In 2018, when the Fetherstonhaugh family envisioned an award to recognize and reward teaching excellence, they hoped for great teachers and at the Desautels Faculty of Management extraordinary teachers emerged.
“I’m extremely impressed with the professors at Desautels who have received this award over the past four years. They bring a top world game to the student experience. At McGill’s Management Convocation ceremony, Professor Sujata Madan – this year’s recipient -- received a standing ovation. That’s the kind of professor we want to celebrate and keep at McGill,” says Robert Fetherstonhaugh, BCom’78, DPA’80, who established the award along with Brian Fetherstonhaugh, BCom’79, and Catherine Fetherstonhaugh Graham,who studied Industrial Relations and Economics at McGill in the 1980s. Previous recipients include professors Amanda Abrams, Wei Qi, and Jiro Kondo.
Winning hearts and minds of students
Sujata Madan, Professor of Practice, Finance, has always put excellence in student learning first in her personable, practical, and innovative approach to teaching at Desautels. “Students are the reason I do what I do. They may have only one class with me, but I want students to have a learning experience that is empowering and gets them excited about lifelong learning,” says Madan, who received the Fetherstonhaugh Family Foundation Distinguished Teaching Award for Undergraduate Programs 2022.
While she teaches advanced courses to upper year undergrad and MBA students who specialize and have a keen interest in finance, Madan recognizes the need to win over the hearts and minds of the 150 students who take her Introduction to Finance course (mandatory for BCom students) from the very first class.
“Some of these students may not be interested in finance, or they may be intimidated by it. My aim is to demystify and simplify the concepts and content as much as I can, so it doesn’t sound like jargon or seem incomprehensible and out of reach. I deliver the content in bite-sized pieces, in words and analogies the students can understand and apply. I have to get them ready for the real world with financial tools they can actually use,” explains Madan, who earned a BSc in Electrical Engineering at the Massachusetts Institute of Technology (MIT) and an MBA at the Indian Institute of Management in India, before joining Desautels in 2005.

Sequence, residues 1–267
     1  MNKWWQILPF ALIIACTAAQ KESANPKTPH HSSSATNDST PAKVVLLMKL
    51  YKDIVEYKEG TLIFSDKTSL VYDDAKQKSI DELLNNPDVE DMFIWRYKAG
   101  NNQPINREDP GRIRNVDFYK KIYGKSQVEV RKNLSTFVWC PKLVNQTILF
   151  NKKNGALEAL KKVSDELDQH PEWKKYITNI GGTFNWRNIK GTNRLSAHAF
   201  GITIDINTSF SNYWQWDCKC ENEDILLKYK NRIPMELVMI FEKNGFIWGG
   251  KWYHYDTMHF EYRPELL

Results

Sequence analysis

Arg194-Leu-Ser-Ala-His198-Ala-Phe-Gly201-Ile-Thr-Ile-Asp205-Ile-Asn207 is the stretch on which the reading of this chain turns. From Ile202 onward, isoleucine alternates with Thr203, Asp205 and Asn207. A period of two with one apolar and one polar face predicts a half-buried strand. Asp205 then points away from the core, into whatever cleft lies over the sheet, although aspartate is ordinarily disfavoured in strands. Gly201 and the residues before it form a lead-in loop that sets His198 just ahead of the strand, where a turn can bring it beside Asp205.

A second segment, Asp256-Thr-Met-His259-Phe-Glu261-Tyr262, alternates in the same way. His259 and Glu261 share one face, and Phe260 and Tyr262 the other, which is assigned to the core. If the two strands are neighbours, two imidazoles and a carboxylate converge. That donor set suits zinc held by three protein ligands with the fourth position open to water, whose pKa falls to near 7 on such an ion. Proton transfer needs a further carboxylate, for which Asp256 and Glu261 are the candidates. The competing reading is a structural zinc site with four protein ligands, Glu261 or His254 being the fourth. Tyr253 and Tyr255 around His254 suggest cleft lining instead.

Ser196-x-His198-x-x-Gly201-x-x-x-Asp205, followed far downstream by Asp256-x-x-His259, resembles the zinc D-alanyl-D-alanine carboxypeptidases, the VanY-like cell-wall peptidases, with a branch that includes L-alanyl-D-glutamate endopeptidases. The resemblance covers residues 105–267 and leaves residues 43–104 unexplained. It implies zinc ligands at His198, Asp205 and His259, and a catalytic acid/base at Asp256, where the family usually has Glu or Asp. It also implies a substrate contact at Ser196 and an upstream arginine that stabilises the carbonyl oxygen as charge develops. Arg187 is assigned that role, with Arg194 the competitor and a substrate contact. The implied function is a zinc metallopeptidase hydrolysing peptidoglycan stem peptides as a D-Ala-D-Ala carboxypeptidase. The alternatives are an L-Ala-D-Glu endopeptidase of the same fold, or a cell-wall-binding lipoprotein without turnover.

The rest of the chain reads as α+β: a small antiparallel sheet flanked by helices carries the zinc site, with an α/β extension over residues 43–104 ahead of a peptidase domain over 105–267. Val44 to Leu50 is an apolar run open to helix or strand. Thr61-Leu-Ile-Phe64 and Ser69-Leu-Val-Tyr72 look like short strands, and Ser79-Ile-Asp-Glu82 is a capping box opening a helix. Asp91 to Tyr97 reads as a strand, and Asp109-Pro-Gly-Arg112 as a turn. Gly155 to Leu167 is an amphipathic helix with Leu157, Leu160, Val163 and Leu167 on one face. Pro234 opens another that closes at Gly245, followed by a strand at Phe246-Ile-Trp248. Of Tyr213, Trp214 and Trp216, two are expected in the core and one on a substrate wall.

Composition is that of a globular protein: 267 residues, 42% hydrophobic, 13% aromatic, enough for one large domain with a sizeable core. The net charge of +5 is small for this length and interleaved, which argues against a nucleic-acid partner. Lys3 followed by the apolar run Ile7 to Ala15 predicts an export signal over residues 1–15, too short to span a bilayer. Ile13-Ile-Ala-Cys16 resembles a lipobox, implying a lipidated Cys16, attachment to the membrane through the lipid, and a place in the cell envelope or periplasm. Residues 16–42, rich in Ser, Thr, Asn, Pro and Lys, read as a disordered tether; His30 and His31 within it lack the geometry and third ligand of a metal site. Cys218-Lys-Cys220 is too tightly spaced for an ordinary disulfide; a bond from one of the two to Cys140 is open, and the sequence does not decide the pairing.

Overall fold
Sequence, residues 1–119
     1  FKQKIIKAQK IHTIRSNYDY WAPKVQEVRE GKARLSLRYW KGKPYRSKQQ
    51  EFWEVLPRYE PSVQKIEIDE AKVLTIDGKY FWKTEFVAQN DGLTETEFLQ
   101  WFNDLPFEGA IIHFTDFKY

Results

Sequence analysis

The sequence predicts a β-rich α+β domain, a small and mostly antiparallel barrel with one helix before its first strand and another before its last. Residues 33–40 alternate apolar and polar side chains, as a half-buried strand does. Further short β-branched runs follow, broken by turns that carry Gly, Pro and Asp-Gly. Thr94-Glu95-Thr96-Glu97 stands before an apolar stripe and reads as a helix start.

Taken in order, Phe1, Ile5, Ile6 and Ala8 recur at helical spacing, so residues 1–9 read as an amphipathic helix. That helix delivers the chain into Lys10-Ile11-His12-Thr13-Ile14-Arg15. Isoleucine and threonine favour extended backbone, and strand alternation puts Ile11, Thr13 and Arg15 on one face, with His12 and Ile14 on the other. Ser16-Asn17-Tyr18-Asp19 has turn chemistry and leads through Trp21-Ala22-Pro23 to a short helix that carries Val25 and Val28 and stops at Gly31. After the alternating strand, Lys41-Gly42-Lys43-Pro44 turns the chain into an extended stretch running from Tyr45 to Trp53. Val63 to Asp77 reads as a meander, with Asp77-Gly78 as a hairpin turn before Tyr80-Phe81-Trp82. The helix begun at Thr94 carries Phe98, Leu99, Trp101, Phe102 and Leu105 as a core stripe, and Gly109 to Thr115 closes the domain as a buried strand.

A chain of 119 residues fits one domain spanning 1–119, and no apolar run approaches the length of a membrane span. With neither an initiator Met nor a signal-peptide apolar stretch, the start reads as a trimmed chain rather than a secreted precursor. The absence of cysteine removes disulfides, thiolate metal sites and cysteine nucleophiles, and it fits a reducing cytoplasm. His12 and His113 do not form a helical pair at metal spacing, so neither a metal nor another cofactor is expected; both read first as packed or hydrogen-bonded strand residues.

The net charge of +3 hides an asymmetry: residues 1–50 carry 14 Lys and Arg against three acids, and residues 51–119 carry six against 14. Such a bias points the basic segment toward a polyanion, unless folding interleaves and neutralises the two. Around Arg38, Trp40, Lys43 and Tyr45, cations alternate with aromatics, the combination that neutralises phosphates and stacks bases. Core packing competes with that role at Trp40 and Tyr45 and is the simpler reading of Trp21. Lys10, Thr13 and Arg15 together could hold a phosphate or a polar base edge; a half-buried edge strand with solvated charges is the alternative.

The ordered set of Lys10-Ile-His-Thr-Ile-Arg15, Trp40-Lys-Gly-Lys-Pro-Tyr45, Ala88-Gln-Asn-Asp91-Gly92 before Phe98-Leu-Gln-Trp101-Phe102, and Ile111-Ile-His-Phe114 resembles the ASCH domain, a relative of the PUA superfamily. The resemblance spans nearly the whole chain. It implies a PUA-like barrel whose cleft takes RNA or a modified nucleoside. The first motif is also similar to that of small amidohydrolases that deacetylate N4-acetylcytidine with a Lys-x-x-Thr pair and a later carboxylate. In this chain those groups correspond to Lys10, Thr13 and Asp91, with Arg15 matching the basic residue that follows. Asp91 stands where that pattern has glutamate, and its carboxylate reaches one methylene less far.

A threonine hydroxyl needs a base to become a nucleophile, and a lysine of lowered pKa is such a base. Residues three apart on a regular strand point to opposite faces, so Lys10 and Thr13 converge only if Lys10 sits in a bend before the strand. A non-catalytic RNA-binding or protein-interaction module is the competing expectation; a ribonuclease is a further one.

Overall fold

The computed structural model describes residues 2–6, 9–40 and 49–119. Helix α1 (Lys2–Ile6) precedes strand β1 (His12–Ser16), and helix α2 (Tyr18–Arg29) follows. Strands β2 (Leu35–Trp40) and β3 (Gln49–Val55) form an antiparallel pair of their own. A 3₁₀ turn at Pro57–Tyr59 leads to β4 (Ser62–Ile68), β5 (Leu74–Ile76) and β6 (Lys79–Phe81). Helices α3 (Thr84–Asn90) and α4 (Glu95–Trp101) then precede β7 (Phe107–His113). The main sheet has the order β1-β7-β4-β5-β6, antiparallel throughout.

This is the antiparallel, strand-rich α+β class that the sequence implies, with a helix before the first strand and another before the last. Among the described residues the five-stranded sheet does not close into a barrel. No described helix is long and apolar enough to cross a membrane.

She encourages undergrad business students to develop and improve their interpersonal skills as well - which are vital to success and satisfaction in any career they pursue. Her students build these soft skills through collaborative group projects, informal chats with classmates, and interactions with alumni and other guest speakers from the financial industry. As a teacher, Madan also models these skills through her warm, engaging personality, humour, and how she connects with students in groups and individually.
“My only rules are no cell phones, and you need to work with other people. We start each class with a few students sharing something happy and positive, and I encourage each student to chat for a few minutes with their neighbour. There is so much happy chat and energy in the room, which makes the mood more relaxed and conducive to learning,” she says.
Madan is honoured to receive an award that encourages excellence in teaching and values her own and her colleagues’ contributions to student learning. “When you recognize teaching with an award like this, you’re recognizing teachers who have an impact on the way students learn. If you recognize the people who make learning easier, you are empowering students to learn more through their own lives and careers,” she says.
Recognizing excellence in teaching and its lasting impact on students
The profound and lasting impact of their own experience with outstanding professors at McGill is one reason why Robert, Brian, and Catherine established the Fetherstonhaugh Family Foundation Distinguished Teaching Award for Undergraduate Programs in 2019.
Both Robert and Brian Fetherstonhaugh benefited immensely from an Organizational Behaviour course they took as BCom students in the 1970s, taught by sessional instructor Caela Farren. This was one of the first experiential learning programs offered by the Faculty and it made a big impression on the two brothers and their peers, as they were taught how to instruct future students. Farren emphasized the kinds of interpersonal management skills and emotional intelligence that Madan imparts to Desautels BCom students today.